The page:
Concerns raised about Wembley pitch
December 10, 2008
Wallabies prop Matt Dunning receives treatment after snapping his Achilles during the Wembley clash © Getty Images
The Rugby Union Players' Association in Australia has launched a health and safety investigation after two Australian props were injured when a scrum collapsed in last week's game against the Barbarians at Wembley.
Matt Dunning has undergone surgery on a ruptured Achilles' and could be out for up to nine months, while Sekope Kepu tore a pectoral muscle and his chances of featuring in the Super 14 are slim. The matter has been referred to a six-man health and safety committee made up of representatives from RUPA and the Australian Rugby Union.
RUPA chief executive Tony Dempsey told the Sydney Daily Telegraph, "We're concerned from an occupational health and safety point of view that our members may be asked to play on surfaces that are unstable. "From discussions I have had it was very, very unstable under foot. The employers are the ARU and as such they have a duty of care to ensure safe playing surfaces for the players. It is something definitely worth exploring.
"(The committee) was established to investigate players' safety and welfare and we're looking to see what recommendations can be given to deal with this issue."
Wembley Stadium officials responded to the renewed scrutiny over the state of their pitch by insisting they "always endeavour" to provide the best possible playing surface.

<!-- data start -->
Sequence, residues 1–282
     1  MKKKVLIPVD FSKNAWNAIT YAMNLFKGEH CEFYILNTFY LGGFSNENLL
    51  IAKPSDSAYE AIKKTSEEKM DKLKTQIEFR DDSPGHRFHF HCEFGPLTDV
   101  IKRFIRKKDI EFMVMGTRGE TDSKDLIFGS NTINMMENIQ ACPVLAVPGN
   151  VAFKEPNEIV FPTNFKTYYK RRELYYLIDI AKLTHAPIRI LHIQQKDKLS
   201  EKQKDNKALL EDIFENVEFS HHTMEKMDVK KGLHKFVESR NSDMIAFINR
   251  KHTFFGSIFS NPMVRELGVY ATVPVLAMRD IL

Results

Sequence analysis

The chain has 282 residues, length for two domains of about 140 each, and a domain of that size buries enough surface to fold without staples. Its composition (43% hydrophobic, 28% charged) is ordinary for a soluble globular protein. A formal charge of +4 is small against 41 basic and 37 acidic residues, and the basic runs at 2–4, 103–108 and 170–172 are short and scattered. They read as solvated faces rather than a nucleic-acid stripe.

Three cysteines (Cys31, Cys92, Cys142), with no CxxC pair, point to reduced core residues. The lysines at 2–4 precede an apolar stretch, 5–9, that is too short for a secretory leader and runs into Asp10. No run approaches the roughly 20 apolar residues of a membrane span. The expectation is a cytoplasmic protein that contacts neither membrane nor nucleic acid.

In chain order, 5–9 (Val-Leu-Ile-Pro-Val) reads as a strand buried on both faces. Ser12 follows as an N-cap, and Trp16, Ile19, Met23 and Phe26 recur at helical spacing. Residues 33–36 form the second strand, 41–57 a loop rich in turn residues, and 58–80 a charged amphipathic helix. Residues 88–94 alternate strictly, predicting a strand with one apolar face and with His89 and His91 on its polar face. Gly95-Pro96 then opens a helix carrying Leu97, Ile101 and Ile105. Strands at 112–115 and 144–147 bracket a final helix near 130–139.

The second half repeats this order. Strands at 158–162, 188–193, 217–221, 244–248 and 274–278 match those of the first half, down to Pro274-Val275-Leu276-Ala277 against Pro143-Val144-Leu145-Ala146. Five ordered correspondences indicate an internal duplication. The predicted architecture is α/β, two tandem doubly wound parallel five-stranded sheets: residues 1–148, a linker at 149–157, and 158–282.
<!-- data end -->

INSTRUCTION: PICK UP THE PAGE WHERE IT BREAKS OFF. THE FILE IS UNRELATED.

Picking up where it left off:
A Wembley spokesperson said, "It is always unfortunate to see injuries in any game and our sympathies go out to the players concerned. Both teams trained on the pitch the day before the game and were familiar with the playing surface. In addition, 3000 juniors took part in six hours of non-stop rugby before kick-off.
"We are a multi-purpose venue and will always endeavour to provide the best possible playing surface for all events at Wembley."
"The thirst for knowledge has seen coaches break away from the confines of rugby and look to America." Tom Hamilton on the two-way learning process
On Saturday, New Zealand face the USA in a match that has been 40 years in the making. Tom Hamilton finds the atmosphere building in Chicago
Most modern rugby players will not know the name Ray Williams but they should be eternally grateful to him, writes John Taylor
With the All Blacks playing the USA Eagles this weekend, Craig Dowd says rugby is ready to make a professional breakthrough Stateside